Now is the right time to become an American Federation of Musicians member. From ragtime to rap, from the early phonograph to today's digital recordings, the AFM has been there for its members. And now there are more benefits available to AFM members than ever before, including a multi-million dollar pension fund, excellent contract protection, instrument and travelers insurance, work referral programs and access to licensed booking agents to keep you working.
As an AFM member, you are part of a membership of more than 80,000 musicians. Experience has proven that collective activity on behalf of individuals with similar interests is the most effective way to achieve a goal. The AFM can negotiate agreements and administer contracts, procure valuable benefits and achieve legislative goals. A single musician has no such power.
The AFM has a proud history of managing change rather than being victimized by it. We find strength in adversity, and when the going gets tough, we get creative - all on your behalf.
Like the industry, the AFM is also changing and evolving, and its policies and programs will move in new directions dictated by its members. As a member, you will determine these directions through your interest and involvement. Your membership card will be your key to participation in governing your union, keeping it responsive to your needs and enabling it to serve you better. To become a member now, visit www.afm.org/join.
July 28, 2020IM -
The Musicians Foundation recently received a $25,000 grant from the National Endowment for the Arts to be used to organize a national conference of organizations that assist professional performing artists in times of need and crisis.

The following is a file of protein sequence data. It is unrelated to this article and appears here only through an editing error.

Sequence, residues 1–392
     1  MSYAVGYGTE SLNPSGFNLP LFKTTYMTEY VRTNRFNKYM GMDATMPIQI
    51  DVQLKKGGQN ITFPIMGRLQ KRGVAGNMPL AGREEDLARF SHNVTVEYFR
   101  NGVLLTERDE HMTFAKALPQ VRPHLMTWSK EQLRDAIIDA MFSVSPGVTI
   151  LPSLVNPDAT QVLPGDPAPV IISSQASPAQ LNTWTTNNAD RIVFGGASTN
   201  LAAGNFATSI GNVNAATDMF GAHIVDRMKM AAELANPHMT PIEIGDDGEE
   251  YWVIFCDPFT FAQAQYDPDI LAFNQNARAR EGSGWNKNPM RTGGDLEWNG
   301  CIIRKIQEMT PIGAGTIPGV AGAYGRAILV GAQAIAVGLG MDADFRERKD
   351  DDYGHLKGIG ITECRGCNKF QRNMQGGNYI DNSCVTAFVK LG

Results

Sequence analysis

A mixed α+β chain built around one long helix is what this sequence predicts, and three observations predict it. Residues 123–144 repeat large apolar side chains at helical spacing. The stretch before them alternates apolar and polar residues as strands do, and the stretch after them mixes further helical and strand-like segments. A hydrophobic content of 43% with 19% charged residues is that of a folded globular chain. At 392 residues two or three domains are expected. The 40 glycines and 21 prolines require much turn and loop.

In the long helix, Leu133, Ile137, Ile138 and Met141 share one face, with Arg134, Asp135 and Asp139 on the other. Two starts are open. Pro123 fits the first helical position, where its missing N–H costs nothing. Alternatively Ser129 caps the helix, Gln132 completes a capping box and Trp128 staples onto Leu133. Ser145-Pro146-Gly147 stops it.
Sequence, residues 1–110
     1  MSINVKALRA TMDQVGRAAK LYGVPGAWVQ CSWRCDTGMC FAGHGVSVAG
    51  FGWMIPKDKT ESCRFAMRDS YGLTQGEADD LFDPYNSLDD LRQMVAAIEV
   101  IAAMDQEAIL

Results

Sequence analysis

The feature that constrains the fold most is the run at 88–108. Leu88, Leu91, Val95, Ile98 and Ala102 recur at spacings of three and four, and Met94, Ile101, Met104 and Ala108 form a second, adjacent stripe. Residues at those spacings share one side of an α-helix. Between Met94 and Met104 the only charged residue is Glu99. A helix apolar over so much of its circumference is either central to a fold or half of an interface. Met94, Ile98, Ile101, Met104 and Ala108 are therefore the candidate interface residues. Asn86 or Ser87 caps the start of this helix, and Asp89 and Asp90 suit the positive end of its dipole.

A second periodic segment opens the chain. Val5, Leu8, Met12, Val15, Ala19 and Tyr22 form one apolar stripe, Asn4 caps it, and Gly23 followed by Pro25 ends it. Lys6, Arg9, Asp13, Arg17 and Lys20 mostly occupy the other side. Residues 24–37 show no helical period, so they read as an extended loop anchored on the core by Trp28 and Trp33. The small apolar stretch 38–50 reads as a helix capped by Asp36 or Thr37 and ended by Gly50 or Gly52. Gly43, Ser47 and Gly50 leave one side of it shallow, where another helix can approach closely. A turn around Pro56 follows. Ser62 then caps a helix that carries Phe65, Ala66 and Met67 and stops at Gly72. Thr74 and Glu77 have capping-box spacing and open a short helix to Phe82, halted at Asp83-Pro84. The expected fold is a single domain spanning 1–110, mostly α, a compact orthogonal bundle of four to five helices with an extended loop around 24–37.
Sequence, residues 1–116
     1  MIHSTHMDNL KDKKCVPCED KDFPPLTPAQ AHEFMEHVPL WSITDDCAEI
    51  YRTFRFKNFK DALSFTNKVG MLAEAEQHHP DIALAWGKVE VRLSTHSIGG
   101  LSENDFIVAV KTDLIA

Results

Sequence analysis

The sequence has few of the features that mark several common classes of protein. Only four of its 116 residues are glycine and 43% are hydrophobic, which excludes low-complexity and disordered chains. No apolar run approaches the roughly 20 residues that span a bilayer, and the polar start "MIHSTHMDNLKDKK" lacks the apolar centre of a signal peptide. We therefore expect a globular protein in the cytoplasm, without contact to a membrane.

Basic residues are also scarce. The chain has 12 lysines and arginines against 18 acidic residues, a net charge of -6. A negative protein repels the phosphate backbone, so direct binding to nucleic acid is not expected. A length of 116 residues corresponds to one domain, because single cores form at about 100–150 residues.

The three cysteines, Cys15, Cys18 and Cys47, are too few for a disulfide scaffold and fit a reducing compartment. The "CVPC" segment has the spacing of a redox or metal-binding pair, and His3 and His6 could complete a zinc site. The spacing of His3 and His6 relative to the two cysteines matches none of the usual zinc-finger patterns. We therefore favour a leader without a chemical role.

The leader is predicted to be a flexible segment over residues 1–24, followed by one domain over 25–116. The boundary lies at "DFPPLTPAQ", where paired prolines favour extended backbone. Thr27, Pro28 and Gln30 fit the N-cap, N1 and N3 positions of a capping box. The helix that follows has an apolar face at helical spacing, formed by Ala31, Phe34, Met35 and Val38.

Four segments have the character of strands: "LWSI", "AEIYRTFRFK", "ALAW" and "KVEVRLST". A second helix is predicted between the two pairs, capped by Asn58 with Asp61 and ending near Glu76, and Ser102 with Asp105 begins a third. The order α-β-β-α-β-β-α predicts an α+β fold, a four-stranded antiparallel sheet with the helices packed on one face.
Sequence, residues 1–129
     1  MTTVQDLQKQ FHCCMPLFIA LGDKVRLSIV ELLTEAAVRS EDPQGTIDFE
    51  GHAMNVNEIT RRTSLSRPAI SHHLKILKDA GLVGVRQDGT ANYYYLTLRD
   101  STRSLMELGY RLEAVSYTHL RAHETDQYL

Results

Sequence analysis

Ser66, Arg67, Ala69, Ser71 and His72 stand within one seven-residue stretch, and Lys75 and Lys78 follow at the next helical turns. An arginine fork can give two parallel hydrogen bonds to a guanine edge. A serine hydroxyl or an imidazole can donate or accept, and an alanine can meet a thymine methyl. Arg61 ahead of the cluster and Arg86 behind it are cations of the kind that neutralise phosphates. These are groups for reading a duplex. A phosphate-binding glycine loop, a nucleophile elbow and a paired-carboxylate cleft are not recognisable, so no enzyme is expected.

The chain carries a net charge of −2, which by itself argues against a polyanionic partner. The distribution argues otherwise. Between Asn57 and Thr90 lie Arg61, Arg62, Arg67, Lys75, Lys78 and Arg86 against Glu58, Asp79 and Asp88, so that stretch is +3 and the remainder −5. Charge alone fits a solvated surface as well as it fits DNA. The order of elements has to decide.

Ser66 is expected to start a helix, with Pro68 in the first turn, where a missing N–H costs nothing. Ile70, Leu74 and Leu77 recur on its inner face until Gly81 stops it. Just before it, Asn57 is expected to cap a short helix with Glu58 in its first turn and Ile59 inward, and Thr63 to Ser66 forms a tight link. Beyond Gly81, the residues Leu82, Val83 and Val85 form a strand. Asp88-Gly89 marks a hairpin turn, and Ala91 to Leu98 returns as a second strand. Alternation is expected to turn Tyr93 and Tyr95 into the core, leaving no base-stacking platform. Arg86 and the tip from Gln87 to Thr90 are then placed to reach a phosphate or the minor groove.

The conference, which gains urgency and a new significance in the COVID-19 pandemic, is currently slated to take place in the fall of 2021 in New York City and will address the situation in which performing artists have suffered extreme loss of income as current and future engagements have been cancelled. The conference will be organized by the Musicians Foundation in tandem with a steering committee of national and regional organizations, including the Actors Fund, MusiCares, Jazz Foundation, and Episcopal Actors Guild.
“These awards demonstrate the resilience of the arts in America, showcasing not only the creativity of their arts project but the organizations’ agility in the face of a national health crisis,” said Mary Anne Carter, chairperson of the National Arts Endowment.
The award is one of 1,016 grants the endowment has approved in this category and part of more than $84 million in grants made in the fiscal year 2020.
The Musicians Foundation will convene the first national meeting of organizations that provide financial, medical, advisory, and other services to professional performing artists encountering circumstances that curtail their ability to work and remain financially stable.
The project will be the first effort to draw together national and regional organizations to discuss the needs of this constituency, effective practices to meet these needs, potential partnerships for sharing information and resources, and strategies to increase public and private support of professional performing artists. The project will also compile and disseminate reliable data on the organizations and the performing artists they serve.